Steven Walker, acting director of the Defense Advanced Research Projects Agency, has outlined DARPA’s plans to protect U.S. networks against cyber attacks at the 2017 Defensive Cyber Operations Symposium hosted by the Armed Forces Communications and Electronics Association, DoD News reported Wednesday.
Walker said DARPA’s security research goals are focused on efforts to harden systems against cyber attacks; continue operations during attacks; and win in the cyber domain.
In a move to harden systems, DARPA hosted the 2016 Cyber Grand Challenge where participants worked to defend a network and counterattack an adversary’s network within minutes using only machines.
Walker noted DARPA plans to turn CGC into an operational capability and transition the technology to other government agencies.
“You can imagine using it before we deploy a software product to test that software product against many different exploits and using it in sort of a pre-defense way as well,” said Walker.
DARPA also works to develop technologies that can detect, isolate and characterize cyberattacks on the electric power grid to support continued operations during cyberattacks, the acting director added.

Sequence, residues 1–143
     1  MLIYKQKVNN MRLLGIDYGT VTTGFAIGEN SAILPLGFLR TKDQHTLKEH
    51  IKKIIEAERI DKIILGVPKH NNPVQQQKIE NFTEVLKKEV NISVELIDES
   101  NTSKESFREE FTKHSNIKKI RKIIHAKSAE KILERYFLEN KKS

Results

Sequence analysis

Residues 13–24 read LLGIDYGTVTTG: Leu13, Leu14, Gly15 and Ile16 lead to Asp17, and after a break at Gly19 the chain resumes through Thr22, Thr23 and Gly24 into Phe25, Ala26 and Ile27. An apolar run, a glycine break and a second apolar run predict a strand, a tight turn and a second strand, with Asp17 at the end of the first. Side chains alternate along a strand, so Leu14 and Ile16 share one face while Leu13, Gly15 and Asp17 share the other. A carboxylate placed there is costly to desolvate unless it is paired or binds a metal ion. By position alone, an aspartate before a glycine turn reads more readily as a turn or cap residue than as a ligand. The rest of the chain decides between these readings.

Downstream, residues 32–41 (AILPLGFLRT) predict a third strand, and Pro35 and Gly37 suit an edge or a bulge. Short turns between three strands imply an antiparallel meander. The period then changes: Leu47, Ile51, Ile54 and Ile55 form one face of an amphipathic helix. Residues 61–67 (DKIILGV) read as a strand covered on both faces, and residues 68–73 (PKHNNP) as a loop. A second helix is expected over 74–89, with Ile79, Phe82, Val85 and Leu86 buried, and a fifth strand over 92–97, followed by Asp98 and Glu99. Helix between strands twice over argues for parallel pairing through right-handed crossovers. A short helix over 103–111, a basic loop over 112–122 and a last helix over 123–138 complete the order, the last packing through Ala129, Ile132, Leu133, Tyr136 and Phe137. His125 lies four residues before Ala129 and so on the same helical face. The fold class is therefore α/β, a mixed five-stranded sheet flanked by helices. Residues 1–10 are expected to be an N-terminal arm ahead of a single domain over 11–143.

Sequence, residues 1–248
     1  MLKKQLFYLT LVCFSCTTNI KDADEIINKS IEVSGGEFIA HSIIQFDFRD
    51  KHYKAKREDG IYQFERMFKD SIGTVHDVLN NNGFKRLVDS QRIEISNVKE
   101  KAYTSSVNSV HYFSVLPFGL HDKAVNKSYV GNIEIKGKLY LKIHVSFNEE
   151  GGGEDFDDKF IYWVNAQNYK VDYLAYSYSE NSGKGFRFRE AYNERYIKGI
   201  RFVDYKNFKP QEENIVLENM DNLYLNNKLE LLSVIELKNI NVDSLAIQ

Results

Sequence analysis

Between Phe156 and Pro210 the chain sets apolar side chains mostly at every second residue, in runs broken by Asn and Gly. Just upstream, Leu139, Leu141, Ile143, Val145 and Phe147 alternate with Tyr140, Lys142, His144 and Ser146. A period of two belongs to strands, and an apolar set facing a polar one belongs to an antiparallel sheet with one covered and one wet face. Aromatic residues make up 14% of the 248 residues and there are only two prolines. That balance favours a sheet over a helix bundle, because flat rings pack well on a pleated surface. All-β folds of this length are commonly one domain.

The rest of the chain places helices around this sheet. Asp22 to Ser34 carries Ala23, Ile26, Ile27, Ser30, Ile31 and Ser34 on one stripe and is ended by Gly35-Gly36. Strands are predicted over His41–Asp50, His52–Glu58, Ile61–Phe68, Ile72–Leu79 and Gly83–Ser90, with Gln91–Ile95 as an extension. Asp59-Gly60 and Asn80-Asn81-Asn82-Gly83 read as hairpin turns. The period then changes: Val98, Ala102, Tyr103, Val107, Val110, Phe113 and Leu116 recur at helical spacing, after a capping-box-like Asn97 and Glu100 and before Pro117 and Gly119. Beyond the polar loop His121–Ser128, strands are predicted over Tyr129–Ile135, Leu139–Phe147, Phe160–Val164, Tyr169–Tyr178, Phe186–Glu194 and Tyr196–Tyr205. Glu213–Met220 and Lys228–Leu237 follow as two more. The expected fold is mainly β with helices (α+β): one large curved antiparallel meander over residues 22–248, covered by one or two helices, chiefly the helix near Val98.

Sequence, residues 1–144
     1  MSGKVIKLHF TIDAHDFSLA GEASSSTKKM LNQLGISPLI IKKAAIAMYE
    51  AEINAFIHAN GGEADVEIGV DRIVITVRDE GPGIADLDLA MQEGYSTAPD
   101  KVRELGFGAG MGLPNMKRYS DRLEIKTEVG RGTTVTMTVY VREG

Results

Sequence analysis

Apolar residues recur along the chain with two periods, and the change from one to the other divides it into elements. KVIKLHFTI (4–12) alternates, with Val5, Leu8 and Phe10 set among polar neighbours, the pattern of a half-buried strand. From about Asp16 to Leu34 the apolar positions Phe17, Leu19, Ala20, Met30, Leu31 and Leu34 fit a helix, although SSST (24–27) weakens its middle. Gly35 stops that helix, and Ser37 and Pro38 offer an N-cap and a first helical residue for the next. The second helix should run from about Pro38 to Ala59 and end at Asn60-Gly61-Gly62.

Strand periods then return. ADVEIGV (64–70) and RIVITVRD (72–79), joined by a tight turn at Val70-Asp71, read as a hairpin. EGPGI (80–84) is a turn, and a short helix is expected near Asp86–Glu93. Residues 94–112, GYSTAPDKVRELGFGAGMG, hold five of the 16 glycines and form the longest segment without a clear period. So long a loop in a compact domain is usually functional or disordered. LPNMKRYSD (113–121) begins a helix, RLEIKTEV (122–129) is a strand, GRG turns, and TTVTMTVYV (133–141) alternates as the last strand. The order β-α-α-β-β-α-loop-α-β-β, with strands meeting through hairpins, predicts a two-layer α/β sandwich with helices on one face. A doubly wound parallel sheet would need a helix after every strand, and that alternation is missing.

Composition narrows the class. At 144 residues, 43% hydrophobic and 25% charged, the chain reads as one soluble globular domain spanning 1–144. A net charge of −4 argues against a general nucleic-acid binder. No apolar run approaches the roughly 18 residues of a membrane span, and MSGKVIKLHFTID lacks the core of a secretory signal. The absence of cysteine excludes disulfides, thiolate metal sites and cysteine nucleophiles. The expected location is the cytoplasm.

The DARPA program seeks to create anomaly detection technologies with low false-alarm rates for the U.S power grid system as well as network isolation and threat characterization platforms for normal information technology and integrated control systems hardware and software.
The agency also launched the Plan X cyber mission framework tool in a push to provide a common operating picture for cyber warriors, Walker noted.
DARPA’s cyberwarfare programs include Enhanced Attribution, which seeks to provide visibility into all aspects of malicious cyber actions, and Network Defense Program, which has developed algorithms and tools to help detect illicit behavior in networks.
Walker believes DARPA is headed toward the development of a national network defense system that will support real-time monitoring of U.S. internet domains to detect botnets; correlate adversary probing of enterprise networks; show indications and warning of network compromises; and coordinate a national response to possible attacks.